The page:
He was the valedictorian of his high school class in Scranton, PA in 1936, and I have his original typed notes in which he circled words he wanted to emphasize in his delivery. It begins:
We sail with a clear purpose and happy hearts on our new venture into the sea of life. That sea is not calm, but is disturbed by economic storms, which we must battle. Some of us will seek to further our educations; others will enter some occupation; whatever we may do, the training, which we have received at Technical High School, will pilot us safely through these storms.
This is as true today as it was back then, and it is not only limited to those who graduate. Embarking on any new journey, whether it is education, a new job, relocation or a new lifestyle requires that we draw upon all the resources we have as we make that transition.
Set high standards for the students in the lower classes, and remember to maintain those set by those who came before us. In doing so, you may pass this mantle to your successors, untarnished as you have received it.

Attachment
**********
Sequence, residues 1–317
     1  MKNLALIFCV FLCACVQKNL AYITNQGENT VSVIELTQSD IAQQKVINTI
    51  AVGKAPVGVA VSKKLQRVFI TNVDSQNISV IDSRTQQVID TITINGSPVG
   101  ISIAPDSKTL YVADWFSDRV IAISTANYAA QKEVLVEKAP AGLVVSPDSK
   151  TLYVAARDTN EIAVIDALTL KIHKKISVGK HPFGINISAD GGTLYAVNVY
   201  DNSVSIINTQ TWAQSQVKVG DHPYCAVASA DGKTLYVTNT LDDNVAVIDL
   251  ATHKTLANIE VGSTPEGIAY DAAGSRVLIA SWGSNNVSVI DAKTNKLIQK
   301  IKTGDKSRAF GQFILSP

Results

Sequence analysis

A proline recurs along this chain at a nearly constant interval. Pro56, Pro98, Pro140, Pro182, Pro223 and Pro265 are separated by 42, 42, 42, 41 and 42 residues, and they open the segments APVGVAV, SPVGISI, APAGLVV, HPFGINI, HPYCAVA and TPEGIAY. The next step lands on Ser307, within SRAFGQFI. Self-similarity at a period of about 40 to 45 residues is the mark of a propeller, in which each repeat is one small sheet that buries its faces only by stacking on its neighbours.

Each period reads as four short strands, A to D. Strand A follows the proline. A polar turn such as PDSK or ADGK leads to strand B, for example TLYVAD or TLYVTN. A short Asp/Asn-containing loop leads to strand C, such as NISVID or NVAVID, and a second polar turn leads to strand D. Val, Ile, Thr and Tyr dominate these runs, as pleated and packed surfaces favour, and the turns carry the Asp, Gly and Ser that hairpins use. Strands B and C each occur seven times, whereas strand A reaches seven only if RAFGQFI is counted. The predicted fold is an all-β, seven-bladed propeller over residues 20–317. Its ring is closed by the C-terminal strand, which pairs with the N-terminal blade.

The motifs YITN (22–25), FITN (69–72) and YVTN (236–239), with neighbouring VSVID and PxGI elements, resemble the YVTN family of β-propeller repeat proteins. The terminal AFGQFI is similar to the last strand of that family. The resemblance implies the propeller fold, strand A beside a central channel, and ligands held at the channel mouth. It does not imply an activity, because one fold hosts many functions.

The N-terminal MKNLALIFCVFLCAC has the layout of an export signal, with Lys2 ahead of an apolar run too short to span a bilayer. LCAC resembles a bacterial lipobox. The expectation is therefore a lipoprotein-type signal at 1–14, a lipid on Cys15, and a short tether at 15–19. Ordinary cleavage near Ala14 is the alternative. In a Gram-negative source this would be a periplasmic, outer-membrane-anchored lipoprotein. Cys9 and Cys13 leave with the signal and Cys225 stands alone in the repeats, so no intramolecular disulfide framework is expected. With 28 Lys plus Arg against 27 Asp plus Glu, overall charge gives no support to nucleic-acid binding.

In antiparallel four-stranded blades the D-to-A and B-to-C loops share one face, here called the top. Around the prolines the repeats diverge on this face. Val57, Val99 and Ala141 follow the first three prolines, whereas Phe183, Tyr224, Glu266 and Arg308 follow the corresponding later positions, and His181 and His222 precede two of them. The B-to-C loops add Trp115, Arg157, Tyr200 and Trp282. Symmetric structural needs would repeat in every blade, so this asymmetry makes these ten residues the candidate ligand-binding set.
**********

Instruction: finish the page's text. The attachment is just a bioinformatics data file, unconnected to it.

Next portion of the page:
The call to lead and to set standards is as appropriate today as it was in 1937. Our world needs this – globally and locally -- and it is hard to conceive of what the world would look like if each one of us lived our lives this way. This is the blueprint for radical transformation!
Not contained in his speech were other words of guidance he imparted on us:
Finish what you start
In later years, when I brought Peter home to meet my parents, my father met a kindred soul -- a fellow traveler, engineer, artist, geek (although we didn't have that word at the time). A man who loved music and circuit boards, who could delight in solving a tricky engineering problem as much as weeding a garden. They shared a deep and wonderful connection, and I was privileged to witness their friendship blossom, trading stories, learning from each other and at the end of the day, sharing a laugh and a beer.
This June, I'd like to pick up the mantle that has been passed on to me and honor the spirit of my father and all the men in our lives, who inspire us and want us to be better people. I was fortunate to have my dad, and my good fortune continues as I have Peter as my partner, my best friend, the father of my children and the love of my life. He continues to inspire me and encourage me to be my best self, and I am truly grateful.
Happy June and Happy Father's Day.
Summer BBQ Essentials
A Right For All Types Recipe
Find more delicious side dishes and recipes as well as healthy cooking tips in the Eat Right for Your Type Personalized Cookbooks